Investment in technology is key. Every year, a lot of our focus is on producing more efficiently.
Tweet This

What we are doing now is building additional filtration plants in the three sewage plants, so the water produced will be passed to industry. Although this water is treated to potable standards, we’re not going to feed it into the potable water system; it will go to agriculture and so on. This project should be in operation by 2016. We are also building the infrastructure for the delivery of this water. We are doing something which is new for Malta, which is micro tunnelling. Normally, we cut the roads open to access our infrastructure, but by using this new technology from Italy, we will just have to dig a few small holes.

TRC: The WSC is looked upon as a best practice example of leakage control by other water companies. How did this happen?

WW: Water leakage in 1995 was over 4000m³ an hour. Water leakage in 2014 was less than 400m³ an hour. In 1995, we put in a water leakage management plan, using IT to measure exactly what was being produced, to help us understand where we were losing our water. We invested in equipment to do this.

Before our leakage management program, we had five reverse osmosis plants running at 100 percent capacity, and we did not have water all the time. Now we have just three plants running at 60 percent capacity, and we have a reliable water supply.

Following our success in this, the World Bank came down to Malta and did a study on us, and then they brought down a conference with about 50 people, from Libya, Morocco, Tunisia, Europe and the United States. The World Bank did a final report on us, and identified three major areas where we could assist them with their projects in the Middle East and North Africa. These areas were water leakage, reverse osmosis desalination, and the use of geographic information systems. We ended up doing our first project in Beirut, and we have built a very strong rapport with them there, and they now would like to send their people to Malta for training.

One thing which is very important is that in 1967, Malta was a beneficiary of the World Bank, and got a loan of $7.5 million from the World Bank to do desalination. Before that, we only had the groundwater aquifer. Malta has used that money, paid it back, and now Malta is giving back to the World Bank and to other countries by sharing its expertise.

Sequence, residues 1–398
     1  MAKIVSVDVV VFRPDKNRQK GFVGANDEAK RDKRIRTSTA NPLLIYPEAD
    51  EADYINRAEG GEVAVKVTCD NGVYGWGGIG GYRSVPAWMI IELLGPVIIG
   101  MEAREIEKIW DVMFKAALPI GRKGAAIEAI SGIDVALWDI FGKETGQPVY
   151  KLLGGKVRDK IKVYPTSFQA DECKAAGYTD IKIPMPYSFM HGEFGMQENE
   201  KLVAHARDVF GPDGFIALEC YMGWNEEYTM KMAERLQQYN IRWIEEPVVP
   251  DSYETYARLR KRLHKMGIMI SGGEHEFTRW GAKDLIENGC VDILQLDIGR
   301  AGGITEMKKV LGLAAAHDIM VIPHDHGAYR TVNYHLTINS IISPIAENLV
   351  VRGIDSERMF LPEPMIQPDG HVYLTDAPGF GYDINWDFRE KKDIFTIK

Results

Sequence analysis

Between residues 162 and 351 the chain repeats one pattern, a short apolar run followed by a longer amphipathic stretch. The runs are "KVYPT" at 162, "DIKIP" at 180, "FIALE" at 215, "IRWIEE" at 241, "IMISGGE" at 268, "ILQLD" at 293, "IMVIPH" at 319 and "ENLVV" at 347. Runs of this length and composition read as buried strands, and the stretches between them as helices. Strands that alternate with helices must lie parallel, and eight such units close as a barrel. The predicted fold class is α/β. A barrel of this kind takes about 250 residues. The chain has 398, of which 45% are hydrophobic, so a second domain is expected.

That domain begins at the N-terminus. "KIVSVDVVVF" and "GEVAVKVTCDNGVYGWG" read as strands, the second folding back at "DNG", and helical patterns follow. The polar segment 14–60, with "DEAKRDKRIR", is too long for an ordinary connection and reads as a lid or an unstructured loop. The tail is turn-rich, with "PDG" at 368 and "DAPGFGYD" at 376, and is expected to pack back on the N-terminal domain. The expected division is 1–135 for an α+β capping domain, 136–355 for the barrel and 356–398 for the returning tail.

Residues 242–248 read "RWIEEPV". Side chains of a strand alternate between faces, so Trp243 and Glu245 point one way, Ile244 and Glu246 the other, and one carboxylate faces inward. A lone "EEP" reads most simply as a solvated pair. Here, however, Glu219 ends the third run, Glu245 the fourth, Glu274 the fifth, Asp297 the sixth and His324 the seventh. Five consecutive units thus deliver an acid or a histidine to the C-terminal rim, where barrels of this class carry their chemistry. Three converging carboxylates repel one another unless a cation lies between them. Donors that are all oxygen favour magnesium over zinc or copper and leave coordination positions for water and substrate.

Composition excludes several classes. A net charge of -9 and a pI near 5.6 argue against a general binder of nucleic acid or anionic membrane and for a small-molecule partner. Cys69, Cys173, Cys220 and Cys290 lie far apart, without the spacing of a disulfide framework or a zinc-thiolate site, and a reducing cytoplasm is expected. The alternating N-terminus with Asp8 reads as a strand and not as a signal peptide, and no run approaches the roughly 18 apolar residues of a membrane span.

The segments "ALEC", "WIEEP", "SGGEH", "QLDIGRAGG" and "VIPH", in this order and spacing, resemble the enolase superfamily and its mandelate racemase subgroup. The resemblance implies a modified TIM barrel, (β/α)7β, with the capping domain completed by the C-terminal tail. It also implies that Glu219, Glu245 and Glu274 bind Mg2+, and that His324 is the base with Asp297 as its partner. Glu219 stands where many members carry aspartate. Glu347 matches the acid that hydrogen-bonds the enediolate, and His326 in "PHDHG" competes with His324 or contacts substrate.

From Malta’s leadership downwards, we have a message that we want to be positive, and we want to be optimists.
Tweet This

TRC: What is the WSC’s approach to internationalisation?

WW: The Beirut project is our first foray into internationalisation. We need to prove ourselves, and then take things from there. It’s nice to dream big, but something like taking over water utilities outside Malta is a little bit too much for now, but that does not mean that we are not open to partnerships, or joint ventures, with other companies out there who lack certain expertise.

TRC: How important is innovation and investment in technology?

WW: Investment in technology is key. Every year, a lot of our focus is on producing more efficiently. One of our largest costs is energy, so we have plans to utilise waste more, because waste can generate energy, and we have big spaces where we can utilise photovoltaics. By doing this, we will not only reduce our own energy consumption by using alternative energy, but we will also indirectly be benefiting the country, because the country has targets to reach of alternative energy production.

TRC: How are you ensuring that you have the right human resources to continue developing as a corporation?

WW: It’s about building our reputation out there among the public that WSC is a corporation that one would aspire to work in. You do that by ensuring that the people within the corporation today have the best possible working conditions and the best possible working environment. That is why, very early on, I focused on that. I want WSC to be in a position where if someone goes and interviews the MCAST students or the university students or any other student on where they would like to work, they would say that they would want to work with us. I want our people to talk with passion about their work. I want them to say with pride that we are exporting our expertise, and dealing with other companies. We are not just another company; this is the Water Services Corporation, this is the lifeblood of the country. Without water, you die.

TRC: What are you doing to raise awareness of WSC’s role in Malta?

WW: I am not a hundred percent pleased about the way that we communicate about ourselves. The biggest communication tool for the Water Services Corporation is its 1,000 employees. If I can get those employees to be motivated and speak about the corporation in the same way as I do and my team does, then we will have 1,000 people out there who are advocates for the corporation. Yes, we are going to sometimes fall, we’re going to make mistakes, but the majority of those messages are going to be positive. This is also the same message that is reflected across the country today. From Malta’s leadership downwards, we have a message that we want to be positive, and we want to be optimists.


This article was published 19 November 2015
in partnership with: